Why Structure is So Important for Adults with ADD

Many adults with attention deficit disorder (ADD) struggle with the same challenges. One of the biggest challenges faced by ADD adults is creating and implementing structure in their lives.

Life without structure can be chaotic and overwhelming. As an adult with ADD, you probably don’t need rigid structure, but some general guidelines to help order your day, your week, or even your month.

When you find structure that works for you and you stick to it, structure takes the pressure off. It allows you to go through your day without having to make too many decisions about what to do or when.

So if structure is so helpful for adults with ADD, why is it so difficult for us to create it for ourselves? Well, when you have a tendency to become overwhelmed with the details of day-to-day life in the way that adults with ADD so often do, creating structure is a skill that doesn’t come easily. It must be learned, often in adulthood.

And, as with learning any skill, the best way to build structure into your life is to do it slowly. I suggest starting with a bedtime routine. In this case, it’s easiest to work backwards:

1. Determine the best time for you to go to sleep each night. Choose a time that will allow you to get a full night’s rest. Let’s use an example to demonstrate, and say 11:00pm.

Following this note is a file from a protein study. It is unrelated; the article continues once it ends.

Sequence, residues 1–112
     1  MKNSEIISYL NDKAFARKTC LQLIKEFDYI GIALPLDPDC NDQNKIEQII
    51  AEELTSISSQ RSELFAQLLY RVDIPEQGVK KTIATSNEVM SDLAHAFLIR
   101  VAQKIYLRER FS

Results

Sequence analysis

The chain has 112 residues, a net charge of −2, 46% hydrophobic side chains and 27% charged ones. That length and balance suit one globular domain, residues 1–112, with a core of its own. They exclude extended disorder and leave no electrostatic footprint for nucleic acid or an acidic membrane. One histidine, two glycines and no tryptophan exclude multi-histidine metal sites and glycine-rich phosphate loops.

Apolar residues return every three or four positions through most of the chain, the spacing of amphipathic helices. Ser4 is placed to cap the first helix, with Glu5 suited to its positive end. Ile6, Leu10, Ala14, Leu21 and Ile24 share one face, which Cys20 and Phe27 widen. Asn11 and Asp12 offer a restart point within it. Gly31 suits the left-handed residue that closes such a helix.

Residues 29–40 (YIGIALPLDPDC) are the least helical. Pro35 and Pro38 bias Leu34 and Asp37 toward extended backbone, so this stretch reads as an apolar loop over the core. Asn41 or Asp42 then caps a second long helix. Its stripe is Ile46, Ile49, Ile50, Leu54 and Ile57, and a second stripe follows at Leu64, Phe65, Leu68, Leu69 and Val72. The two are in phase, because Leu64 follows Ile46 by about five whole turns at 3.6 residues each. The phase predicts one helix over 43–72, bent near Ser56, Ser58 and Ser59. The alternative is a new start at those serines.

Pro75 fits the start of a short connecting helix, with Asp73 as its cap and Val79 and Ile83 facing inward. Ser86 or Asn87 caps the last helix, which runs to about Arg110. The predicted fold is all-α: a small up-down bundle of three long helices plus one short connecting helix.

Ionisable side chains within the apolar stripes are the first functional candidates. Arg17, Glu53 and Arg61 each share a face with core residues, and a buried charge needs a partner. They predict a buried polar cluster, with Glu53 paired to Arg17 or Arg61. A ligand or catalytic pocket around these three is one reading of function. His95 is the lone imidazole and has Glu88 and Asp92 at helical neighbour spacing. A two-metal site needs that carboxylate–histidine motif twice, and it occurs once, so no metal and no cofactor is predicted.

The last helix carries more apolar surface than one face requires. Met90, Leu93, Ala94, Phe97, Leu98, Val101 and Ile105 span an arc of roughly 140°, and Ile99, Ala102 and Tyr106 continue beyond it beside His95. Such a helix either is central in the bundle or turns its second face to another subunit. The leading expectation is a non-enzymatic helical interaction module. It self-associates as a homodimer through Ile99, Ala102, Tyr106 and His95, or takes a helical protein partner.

2. Next, take some time to “get ready for bed.” That might mean brushing your teeth, getting your clothes ready for the next day, taking medications, or whatever it is that you do before you go to sleep. If these activities take about 15 minutes, then you would begin getting ready for bed at 10:45pm.

3. Finally, pick a few “wind down” activities that will help you relax and de-stress. This might include taking a bath, reading, meditating, journaling, or even watching television–provided the shows you choose aren’t intense. Spend about an hour winding down and allowing your brain to slow down so that it’s not racing when you’re trying to fall asleep. In the example provided here, you would start winding down around 9:45 or 10:00pm.

Note: Whatever activities you choose to wind down, make sure they don’t involve the computer! Nothing will wake up the ADD brain faster than email or the Internet.

After you build structure into your evening and find yourself comfortably sticking to it, you can begin to build more structure into your day. Until then, bedtime is a great place to start!

And don’t be discouraged if it takes a while to make this routine stick. You may need to tweak the times and activities to suit you, and you may experience some trial and error along the way.

Copyright (c) 2007 Jennifer Koretsky